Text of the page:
Michigan Private Investigator Frequently Asked Questions

Yes. Any person or firm conducting business involving investigations needs to be licensed by the State of Michigan.

Yes. Licensed Private Investigators in Michigan are required by law to keep all matters confidential. In fact, even with a court order or warrant, they cannot disclose or turn over privileged communication.

No. It is against both Federal and State law to tap a phone. No licensed private investigator in the USA can tap a phone legally.

First, you will discuss your case either on the phone, by email or in person at the private investigator’s office. Keep in mind that a private investigator that is experienced and has been in business for awhile has heard almost every type of case imaginable. Do not be shy or embarrassed, since what you are telling him, he has probably heard a million times before. Do not “forget” to tell him certain facts (such as the fact that someone took a personal protection order out on you), and make sure you are 100% truthful. Remember, a private investigator licensed in the State of Michigan cannot discuss your case with anyone!

Next, you will generally be required to fill out some paperwork. This may include a “retainer” agreement or other similar forms. These forms will become part of your case file. They will remain confidential forever. The purpose of these forms is to outline what is expected of the agency you hire and what is expected of you. It also covers the agency as it relates to things like “permissible purposes” or the legal reason you want someone or something investigated. For instance, if you were to hire a private investigator to find and “old friend”, and it was later found out that the person you wanted found was not in fact your “old friend”, but someone you have been stalking, the private investigator would be covered because he made a reasonable inquiry as to why you wanted this person found. You will have to state your reason in writing as to why you are hiring the agency, and it must be a legal and legitimate reason.

The next step is usually where you provide details of the person you want investigated. This might include a name, vehicle type, license plate, date of birth, place of employment, etc. A picture is also helpful. The more information you have, the better. Every small detail could be used to solve your case. The private investigator will generally go over the paperwork you have filled out and will ask you certain questions as they relate to your case. He will take notes for his recollection. He will then ask when you think the best time to begin the case may be. You will both agree upon a start time and this will be noted in your case file.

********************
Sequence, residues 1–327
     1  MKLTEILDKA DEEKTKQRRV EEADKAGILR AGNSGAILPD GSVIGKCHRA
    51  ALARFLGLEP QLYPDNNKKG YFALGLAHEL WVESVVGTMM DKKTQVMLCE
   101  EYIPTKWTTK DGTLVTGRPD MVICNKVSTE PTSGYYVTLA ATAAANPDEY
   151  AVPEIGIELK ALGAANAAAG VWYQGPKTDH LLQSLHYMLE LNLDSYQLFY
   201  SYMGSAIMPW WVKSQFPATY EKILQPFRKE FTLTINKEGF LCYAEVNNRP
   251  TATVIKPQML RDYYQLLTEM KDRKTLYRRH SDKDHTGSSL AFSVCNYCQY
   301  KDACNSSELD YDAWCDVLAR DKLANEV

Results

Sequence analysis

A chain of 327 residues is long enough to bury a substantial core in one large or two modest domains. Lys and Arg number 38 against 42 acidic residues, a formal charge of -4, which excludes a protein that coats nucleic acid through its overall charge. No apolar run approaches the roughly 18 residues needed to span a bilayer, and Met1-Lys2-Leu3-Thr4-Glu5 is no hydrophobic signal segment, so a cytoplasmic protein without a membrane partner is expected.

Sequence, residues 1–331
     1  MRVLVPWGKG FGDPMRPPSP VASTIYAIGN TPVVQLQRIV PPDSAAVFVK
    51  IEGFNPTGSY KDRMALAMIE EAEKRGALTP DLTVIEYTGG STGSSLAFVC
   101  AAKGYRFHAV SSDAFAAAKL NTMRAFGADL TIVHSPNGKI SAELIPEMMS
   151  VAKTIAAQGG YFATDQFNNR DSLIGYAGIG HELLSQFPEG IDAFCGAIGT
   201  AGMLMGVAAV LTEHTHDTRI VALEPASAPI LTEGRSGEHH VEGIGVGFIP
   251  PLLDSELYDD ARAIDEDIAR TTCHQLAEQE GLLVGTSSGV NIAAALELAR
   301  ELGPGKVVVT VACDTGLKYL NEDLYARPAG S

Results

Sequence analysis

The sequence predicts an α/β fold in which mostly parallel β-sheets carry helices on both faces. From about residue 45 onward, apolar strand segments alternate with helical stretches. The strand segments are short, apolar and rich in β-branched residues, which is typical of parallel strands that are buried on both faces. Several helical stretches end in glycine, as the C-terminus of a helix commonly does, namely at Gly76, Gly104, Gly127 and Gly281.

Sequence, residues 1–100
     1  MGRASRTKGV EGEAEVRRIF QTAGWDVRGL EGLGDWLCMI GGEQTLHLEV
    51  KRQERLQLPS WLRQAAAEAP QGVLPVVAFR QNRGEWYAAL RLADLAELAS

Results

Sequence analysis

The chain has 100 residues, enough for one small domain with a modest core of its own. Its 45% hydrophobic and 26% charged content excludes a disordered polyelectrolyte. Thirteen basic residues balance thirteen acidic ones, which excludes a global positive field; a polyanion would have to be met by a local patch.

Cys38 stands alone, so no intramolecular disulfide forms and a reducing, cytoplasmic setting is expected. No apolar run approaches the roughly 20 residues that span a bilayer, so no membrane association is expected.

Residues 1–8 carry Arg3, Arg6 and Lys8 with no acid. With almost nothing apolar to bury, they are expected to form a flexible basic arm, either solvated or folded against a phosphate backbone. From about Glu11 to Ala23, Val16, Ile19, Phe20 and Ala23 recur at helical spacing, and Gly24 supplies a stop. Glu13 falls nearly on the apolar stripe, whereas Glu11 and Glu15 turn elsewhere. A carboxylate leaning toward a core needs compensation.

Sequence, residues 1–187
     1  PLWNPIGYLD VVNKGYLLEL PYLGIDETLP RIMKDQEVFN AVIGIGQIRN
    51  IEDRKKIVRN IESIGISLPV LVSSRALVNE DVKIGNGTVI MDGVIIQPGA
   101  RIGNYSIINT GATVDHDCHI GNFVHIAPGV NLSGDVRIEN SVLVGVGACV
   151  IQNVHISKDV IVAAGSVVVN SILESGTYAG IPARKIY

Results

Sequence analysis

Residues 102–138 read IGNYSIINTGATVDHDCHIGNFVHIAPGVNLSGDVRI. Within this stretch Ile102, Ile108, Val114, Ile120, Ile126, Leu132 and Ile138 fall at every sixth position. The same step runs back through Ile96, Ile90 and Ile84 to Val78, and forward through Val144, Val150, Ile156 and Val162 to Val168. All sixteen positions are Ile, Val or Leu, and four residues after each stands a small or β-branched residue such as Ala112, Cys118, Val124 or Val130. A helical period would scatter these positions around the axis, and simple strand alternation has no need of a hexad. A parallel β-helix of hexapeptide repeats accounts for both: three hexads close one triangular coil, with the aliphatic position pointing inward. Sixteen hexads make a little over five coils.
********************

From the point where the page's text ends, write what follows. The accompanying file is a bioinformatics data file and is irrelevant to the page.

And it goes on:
The final step will be method of payment. Some private investigators only accept cash. Others accept checks, credit cards, or even trade for services if you have some type of service you can offer.

Some other things to think about:

1. If someone says they are a “private investigator” and they do not have a legitimate business location, be extra cautious. Many people have been ripped off by non-licensed (and even some licensed) private investigators that want to meet them at the local Big Boy’s restaurant to discuss the case. Usually this is the sign of a rip-off. If you decide to go this route, ask them to produce their “Michigan Private Detective License Holder ID” card. This card will have their picture and the name of their company on it. It will also have the State of Michigan seal and will be signed by the Director of the Bureau of Commercial Services. It will also include the state license number assigned to them and the expiration date. Do not accept just a business card as proof that a person is licensed. Make sure they show you their ID card.
2. Do not tell a private investigator that you are going to hurt, harm or kill the person that you want investigated. If you do this, a private investigator my not take your case and even worse, they may notify the authorities. You can tell a private investigator in Michigan things that you have done in the past, even if they are illegal, and he cannot tell anyone and can not even be called to testify against you (like attorney-client privilege). But, if you tell him that you are going to do something illegal, this protection does not apply. This includes things like: tapping phones, breaking someone’s kneecaps, engaging in extortion, etc. If you have any of these things in mind, do not attempt to hire the private investigator. Better yet, you may want to hire a good criminal defense attorney.
3. If you tried to “investigate” the case on your own (tried to follow a spouse in your friends’ car) and were caught, make sure you tell the private investigator. You may elect to “forget” to mention this to him, however, it will make the case much more difficult and other options may be available. If you “forget” to mention these things it will only cost you more money in the long run.

You should contact the State of Michigan Department of Labor and Economic Growth for current requirements. Generally, you will need either a Bachelor’s Degree in Criminal Justice from a four year accredited university, or you must have been a full time law enforcement officer for at least four years.